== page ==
Physical Climate Risk and the Financial Sector – Investors’ Climate Information Needs

This post is the latest in our special issue: “Climate Change and Financial Markets – Risk, Regulation, and Innovation.” To learn more about the special issue and the work of the Global Financial Markets Center around climate change and financial markets, please read the special issue’s introduction here. And to review all The FinReg Blog posts that touch on climate change, go here.

 

As financial markets are paying more attention to climate change and the financial cost of climate hazards increase, investors are looking for more transparency and precision in physical climate risk assessment tools to support their financial decisions.

Climate-related risks for investors entail two main facets: (1) transition risk, or changes in climate policy and regulations, which can result in an explicit or implied price on carbon emissions, potentially ‘stranding’ assets supporting fossil fuel infrastructure, and (2) physical climate change, e.g. changes in temperature, precipitation patterns, and extreme events. The impacts of physical climate change can place a severe strain on company facilities, employees, and the communities on which companies depend. Indirectly, it may also cause transportation, communication, and supply chain disruptions. Ultimately, these can affect equity, debt, and real estate assets in investors’ portfolios.

Under the current climate, which is approximately 1°C above pre-industrial temperatures, we already experience the impacts of physical climate change. This includes extreme weather, floods, drought, heat stress, and sea level rise (). There are risks and associated costs of direct physical impacts of weather-related events (Morel et al. 2015). Sustained high temperatures have resulted in decreased worker productivity (Kjellstrom et al. 2018), and changing rainfall patterns have affected agricultural markets (Sullivan 2014). Financial regulators are raising concerns about investors’ exposure to physical risks (BoE 2018; DNB 2017). Analyses show increasing losses— both insured or not—in assets due to natural catastrophes and extreme weather events of dozens of billions USD a year (EC 2013; Swiss Re 2018)

Over the last five years, service providers have developed tools intended to help financial decision makers identify, manage, and disclose physical climate risk. The tools available vary in scope and focus and only a few provide a transparent look at data sources or methodology, making it difficult for investors to tailor approaches to their investment portfolios.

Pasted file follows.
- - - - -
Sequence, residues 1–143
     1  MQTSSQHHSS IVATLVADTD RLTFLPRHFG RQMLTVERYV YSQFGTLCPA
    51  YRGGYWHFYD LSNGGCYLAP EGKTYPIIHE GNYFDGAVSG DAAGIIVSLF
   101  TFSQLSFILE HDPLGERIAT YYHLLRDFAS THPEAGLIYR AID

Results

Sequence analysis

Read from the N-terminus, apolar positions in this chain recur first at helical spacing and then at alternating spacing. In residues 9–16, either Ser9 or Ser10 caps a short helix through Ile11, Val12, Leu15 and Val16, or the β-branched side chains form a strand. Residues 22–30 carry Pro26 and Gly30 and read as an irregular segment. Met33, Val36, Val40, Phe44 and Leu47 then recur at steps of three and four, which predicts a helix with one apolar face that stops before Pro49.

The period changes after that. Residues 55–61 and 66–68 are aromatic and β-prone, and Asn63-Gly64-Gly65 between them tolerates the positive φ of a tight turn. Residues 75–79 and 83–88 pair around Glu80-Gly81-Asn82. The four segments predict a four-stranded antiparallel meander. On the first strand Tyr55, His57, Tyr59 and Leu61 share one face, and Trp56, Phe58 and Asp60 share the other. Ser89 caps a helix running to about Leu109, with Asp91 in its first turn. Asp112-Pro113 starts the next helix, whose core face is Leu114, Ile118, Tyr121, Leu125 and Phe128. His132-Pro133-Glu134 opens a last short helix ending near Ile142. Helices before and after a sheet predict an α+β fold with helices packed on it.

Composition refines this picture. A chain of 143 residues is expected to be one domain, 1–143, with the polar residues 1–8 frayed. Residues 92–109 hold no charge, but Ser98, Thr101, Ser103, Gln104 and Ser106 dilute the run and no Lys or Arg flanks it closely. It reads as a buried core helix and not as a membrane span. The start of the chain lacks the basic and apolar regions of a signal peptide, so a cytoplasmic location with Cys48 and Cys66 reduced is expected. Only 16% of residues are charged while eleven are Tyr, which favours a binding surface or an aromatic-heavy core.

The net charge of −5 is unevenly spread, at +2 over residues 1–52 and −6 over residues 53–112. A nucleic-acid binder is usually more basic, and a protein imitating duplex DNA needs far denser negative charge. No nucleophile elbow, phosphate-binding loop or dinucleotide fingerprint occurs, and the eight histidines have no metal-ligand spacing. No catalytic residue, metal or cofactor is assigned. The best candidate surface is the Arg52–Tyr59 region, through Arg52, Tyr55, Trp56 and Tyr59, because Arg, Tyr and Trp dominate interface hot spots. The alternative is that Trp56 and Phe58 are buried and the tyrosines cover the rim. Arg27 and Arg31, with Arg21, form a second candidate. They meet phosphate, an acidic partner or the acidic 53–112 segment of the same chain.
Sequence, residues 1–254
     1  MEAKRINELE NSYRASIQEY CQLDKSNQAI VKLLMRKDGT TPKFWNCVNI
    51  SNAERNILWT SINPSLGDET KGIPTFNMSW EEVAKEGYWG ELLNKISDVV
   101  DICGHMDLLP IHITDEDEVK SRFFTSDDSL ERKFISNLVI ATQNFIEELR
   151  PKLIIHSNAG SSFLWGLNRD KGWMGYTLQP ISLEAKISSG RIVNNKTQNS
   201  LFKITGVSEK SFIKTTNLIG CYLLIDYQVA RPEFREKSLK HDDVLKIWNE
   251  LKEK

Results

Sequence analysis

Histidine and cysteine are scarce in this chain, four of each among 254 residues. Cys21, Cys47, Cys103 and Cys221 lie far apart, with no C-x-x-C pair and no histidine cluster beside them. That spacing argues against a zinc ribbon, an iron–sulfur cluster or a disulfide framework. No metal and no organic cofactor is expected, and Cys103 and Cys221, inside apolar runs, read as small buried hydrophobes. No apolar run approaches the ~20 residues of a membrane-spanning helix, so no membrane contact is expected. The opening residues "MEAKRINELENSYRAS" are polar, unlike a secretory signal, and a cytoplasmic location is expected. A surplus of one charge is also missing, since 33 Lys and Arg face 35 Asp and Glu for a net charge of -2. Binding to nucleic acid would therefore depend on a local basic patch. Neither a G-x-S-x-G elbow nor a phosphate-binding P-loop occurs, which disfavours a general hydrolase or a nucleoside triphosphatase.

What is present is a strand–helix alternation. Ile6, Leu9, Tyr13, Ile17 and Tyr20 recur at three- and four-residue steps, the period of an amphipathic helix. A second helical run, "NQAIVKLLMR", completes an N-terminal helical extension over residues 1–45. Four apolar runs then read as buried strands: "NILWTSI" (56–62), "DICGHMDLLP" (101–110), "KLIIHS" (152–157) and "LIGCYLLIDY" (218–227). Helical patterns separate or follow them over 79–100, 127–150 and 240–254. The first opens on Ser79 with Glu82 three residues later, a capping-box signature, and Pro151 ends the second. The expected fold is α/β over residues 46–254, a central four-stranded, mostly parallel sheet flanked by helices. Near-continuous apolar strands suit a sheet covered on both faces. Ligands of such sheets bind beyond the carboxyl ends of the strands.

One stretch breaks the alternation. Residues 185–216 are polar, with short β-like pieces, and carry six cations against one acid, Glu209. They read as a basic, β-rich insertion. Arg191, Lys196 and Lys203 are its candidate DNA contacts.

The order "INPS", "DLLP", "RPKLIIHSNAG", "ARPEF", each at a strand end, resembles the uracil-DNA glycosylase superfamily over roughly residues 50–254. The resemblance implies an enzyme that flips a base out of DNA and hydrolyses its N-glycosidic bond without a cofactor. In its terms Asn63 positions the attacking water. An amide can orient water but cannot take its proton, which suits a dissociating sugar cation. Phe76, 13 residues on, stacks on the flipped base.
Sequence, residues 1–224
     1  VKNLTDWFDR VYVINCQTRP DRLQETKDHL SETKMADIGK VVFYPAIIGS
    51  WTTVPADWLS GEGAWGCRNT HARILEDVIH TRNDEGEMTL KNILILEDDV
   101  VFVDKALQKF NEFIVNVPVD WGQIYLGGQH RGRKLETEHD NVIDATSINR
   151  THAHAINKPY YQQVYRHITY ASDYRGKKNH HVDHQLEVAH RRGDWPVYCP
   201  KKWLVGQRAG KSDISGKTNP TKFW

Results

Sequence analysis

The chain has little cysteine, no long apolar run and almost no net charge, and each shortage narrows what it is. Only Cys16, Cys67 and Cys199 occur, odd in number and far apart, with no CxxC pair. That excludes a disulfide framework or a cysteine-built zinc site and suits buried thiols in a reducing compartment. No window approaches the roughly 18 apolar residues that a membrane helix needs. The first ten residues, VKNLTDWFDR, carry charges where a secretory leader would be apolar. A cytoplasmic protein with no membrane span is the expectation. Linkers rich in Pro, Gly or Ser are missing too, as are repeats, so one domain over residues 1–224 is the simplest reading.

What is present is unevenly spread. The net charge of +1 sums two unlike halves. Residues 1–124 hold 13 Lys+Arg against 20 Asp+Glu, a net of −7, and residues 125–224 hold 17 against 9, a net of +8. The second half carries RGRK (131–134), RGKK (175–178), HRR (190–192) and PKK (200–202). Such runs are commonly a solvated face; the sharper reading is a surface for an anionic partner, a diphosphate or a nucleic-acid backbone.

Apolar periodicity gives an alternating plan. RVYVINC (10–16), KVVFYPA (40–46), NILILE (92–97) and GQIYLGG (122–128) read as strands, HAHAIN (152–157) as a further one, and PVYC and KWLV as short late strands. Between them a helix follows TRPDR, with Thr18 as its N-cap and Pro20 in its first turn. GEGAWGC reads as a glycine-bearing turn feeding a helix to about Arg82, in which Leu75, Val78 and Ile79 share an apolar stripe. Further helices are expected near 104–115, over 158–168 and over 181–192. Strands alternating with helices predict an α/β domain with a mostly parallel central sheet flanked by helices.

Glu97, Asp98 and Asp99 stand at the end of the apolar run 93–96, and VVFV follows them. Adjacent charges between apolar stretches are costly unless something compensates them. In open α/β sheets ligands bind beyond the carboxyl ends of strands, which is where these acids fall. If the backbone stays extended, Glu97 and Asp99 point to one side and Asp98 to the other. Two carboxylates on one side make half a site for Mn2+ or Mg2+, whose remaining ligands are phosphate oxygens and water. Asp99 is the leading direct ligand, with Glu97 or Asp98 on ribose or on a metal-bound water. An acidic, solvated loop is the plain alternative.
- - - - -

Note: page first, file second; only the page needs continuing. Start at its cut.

While one line of research has focused on stranded assets that could come about via changes in climate policy (transition risks), there is a lack of concentrated study on financial impacts of climate change via production and supply chain disruptions, physical damage, and changes in resource pricing and demand.

Further, there is a plethora of climate scenarios and modelling at global and regional levels, but it is difficult for investors to translate the results to actual risks on their assets in specific sectors or locations, and the appropriate times’ scales, i.e. 1–5 years versus 20+ years.

Specific assessments and guidance interpreting physical climate risk linkages to financial implications are emerging. In 2017, the Financial Stability Board’s Task Force on Climate-related Financial Disclosures (TCFD) published recommendations on improving the reporting standards for climate-related risks and opportunities (TCFD 2017).  Moreover, the European Union’s regulation on the establishment of a framework to facilitate sustainable investment (EU Taxonomy) is in the pipeline.

Climate services can provide improved indicators and metrics to help investors better manage physical climate risks and make better investment decisions in a changing climate. In our chapter, Physical Climate Risks and the Financial Sector—Synthesis of Investors’ Climate Information Needs, we provide an overview of investors’ needs and information gaps regarding the physical impact of climate change and identify what information sources financial actors rely on and the challenges they face in decision-making based on available climate change information.

The chapter presents results from the ERA4CS-JPI Climate research project ClimINVEST, coordinated by CICERO Center for International Climate Research and including Wageningen Environmental Research, I4CE Institute for Climate Economics, Carbone4, Climate Adaptation Services and Météo France. ClimINVEST aims to provide transparency on methodologies for physical climate risk assessment and develop guidance tools that inform investors’ risk management processes.